BK: Course a lot of churches deal with that by having two different services, which I don’t know if we’ve talked about on the podcast or not.

DZ: We have.

BK: I’m sure we have, but not a great idea.

DZ: No.

BK: If you over the long haul tends to undermine the unity that we have in the gospel, but.

DZ: Yes, well said.

BK: Some churches we’re looking for someone who doesn’t have that much training. So what I wanted to do was, talk about some of the training, we can pursue formal training, and then give us three categories to consider when thinking about the kind of training we need. So I think this will answer your question, Jake, I hope it does, if not, email us again. [laughter] And if you have a question, you can email

BK: Spell out the plus, something. Formal training comes in many shapes and sizes. You can go to a community college and get training. You can go to your local college or normal college, you can go to seminary, you can get a private teacher.

DZ: Yes.

BK: All those are ways of pursuing formal training, different costs, different expenditures, different financial layout…

DZ: Absolutely.

BK: For those, I mean, you can spend anywhere from $100 a month, few $100 a month to multiple thousands of dollars for seminar training.

DZ: Yes.

BK: Informal training has grown exponentially.

DZ: Oh, yeah.

BK: Theory, harmony, different things, they’re online websites, YouTube, there are courses you can subscribe to, really good stuff. And I’m not gonna recommend any, I would do the same thing you would do, just google.

DZ: Yeah.

BK: [chuckle] What’s gonna help me get trained here, but there’s so many available.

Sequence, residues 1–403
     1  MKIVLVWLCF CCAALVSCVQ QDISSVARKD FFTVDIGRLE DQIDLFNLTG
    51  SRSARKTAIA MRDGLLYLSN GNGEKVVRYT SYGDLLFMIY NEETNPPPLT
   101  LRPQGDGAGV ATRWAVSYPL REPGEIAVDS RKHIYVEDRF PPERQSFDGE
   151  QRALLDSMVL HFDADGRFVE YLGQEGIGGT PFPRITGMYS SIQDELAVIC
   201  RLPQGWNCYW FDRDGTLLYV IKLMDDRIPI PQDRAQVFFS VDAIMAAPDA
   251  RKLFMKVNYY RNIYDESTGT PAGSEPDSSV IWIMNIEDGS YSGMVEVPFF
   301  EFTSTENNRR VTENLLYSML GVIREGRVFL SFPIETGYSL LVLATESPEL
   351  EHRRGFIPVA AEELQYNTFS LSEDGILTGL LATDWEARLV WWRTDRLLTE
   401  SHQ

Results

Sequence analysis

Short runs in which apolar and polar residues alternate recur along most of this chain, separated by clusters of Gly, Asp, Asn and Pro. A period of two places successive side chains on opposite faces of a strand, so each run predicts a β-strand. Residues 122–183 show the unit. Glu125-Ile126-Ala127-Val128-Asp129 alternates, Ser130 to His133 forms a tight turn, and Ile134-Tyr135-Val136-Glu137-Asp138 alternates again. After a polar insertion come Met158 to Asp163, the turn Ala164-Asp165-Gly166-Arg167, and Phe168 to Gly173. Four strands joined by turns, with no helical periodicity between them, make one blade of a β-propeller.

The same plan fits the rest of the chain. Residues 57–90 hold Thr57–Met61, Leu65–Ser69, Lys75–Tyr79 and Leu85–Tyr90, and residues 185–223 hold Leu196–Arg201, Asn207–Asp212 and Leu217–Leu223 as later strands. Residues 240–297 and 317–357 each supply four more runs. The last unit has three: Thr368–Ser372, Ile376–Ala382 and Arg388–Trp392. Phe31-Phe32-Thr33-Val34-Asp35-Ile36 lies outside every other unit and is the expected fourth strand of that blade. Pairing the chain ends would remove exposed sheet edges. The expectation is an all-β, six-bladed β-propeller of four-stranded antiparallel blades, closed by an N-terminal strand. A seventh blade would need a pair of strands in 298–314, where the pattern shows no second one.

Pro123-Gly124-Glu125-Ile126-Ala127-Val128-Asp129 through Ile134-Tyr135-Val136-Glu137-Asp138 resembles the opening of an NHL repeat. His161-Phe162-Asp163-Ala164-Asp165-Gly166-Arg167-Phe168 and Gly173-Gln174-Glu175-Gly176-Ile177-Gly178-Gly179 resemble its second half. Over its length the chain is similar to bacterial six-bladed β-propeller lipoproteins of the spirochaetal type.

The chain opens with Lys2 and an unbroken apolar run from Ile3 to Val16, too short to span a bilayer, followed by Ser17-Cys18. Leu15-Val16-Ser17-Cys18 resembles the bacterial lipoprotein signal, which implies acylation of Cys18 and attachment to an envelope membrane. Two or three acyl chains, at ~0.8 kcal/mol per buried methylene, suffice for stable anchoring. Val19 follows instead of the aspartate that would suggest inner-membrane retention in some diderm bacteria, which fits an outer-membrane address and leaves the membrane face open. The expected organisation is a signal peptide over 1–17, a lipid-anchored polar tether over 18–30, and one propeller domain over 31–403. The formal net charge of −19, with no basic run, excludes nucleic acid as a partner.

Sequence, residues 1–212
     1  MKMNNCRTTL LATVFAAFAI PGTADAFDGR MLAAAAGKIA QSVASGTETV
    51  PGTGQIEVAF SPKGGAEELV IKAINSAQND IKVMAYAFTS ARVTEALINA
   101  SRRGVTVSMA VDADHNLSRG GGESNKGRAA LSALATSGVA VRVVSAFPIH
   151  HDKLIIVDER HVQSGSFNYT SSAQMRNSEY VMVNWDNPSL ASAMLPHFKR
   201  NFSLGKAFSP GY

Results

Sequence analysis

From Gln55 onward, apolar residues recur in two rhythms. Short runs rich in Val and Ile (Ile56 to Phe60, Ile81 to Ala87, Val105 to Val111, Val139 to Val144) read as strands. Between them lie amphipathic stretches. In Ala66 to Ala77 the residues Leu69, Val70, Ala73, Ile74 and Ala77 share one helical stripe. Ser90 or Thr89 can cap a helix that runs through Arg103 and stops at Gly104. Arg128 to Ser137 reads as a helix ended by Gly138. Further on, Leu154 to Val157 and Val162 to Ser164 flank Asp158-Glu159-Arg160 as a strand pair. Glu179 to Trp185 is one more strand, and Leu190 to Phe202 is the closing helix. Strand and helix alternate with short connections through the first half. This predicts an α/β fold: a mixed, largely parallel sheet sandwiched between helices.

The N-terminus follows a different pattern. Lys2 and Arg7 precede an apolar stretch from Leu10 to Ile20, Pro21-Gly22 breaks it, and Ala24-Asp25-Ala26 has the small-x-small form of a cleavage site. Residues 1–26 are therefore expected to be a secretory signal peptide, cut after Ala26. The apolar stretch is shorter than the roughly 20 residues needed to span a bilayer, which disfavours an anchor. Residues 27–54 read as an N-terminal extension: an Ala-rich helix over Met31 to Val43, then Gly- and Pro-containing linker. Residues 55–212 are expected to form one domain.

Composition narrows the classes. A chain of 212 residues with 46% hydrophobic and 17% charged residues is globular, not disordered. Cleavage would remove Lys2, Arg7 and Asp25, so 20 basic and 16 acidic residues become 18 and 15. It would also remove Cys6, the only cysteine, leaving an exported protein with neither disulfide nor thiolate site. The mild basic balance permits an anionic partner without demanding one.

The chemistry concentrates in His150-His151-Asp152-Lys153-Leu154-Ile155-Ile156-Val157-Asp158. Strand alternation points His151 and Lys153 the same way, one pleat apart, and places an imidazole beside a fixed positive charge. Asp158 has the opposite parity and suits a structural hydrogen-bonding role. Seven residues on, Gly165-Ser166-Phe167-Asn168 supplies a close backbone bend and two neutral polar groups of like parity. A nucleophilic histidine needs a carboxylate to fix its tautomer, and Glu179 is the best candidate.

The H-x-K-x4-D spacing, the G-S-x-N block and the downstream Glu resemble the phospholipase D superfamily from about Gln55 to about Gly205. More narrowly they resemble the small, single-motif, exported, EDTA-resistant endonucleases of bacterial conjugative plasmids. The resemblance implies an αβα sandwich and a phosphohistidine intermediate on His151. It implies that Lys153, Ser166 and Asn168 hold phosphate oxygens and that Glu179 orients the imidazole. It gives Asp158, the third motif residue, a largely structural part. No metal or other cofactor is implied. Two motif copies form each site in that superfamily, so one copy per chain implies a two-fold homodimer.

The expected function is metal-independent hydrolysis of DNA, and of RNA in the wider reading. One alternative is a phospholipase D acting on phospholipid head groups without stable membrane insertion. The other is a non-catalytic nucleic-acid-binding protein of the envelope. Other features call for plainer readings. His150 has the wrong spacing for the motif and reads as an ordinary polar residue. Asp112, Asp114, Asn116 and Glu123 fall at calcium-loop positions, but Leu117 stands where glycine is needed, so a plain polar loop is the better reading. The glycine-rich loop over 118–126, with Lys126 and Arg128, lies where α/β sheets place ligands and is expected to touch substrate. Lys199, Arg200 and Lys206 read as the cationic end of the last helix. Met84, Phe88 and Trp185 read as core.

DZ: So many resources and there’s a lot of free resources…

BK: A lot of free resources.

DZ: That can give you all the musical training, that’s immediately what I think.

BK: Yes, yes.

DZ: Yeah, for musical training.

BK: Yep.

DZ: And then me being a teacher myself, you can’t…

BK: Do you wanna give out your email or number too?

DZ: No, [chuckle] you can’t overlook just the consistency of meeting with a person.

BK: Yes, yes.

DZ: That’s huge.

BK: Yes.

DZ: Whether it’s your voice lessons, like you mentioned. Guitar lessons.

BK: Yes.

DZ: Or drum lessons or whatever. But yeah, you’re right, there’s so many resources.

BK: And that’s where the type of church that you’re talking about really plays into what kind of training you need. But I’m going to talk about three areas, we’re gonna talk about three areas that kind of need to define what we need to focus on. So the first is theology.

DZ: Should be first. [chuckle]

BK: Everything we do starts here and it sounds like Jake’s church wants to give them that kind of education. It is really important. Without knowing what God has said about who he is, about who we are, about what worship is, about the church, our ecclesiology, about the priority of the gospel, about how people change, we may end up pursuing things that aren’t necessarily accomplishing what God wants to accomplish, which is sad, that we can give ourselves to education that doesn’t really serve God’s purposes. Think of an example of someone who spends hours and hours and hours devoting themselves to video graphics. Now, I’m not against video graphics, but say they wanna use it in the church in the Sunday gathering and just… Like animation, they just wanna spend all their time just animating things.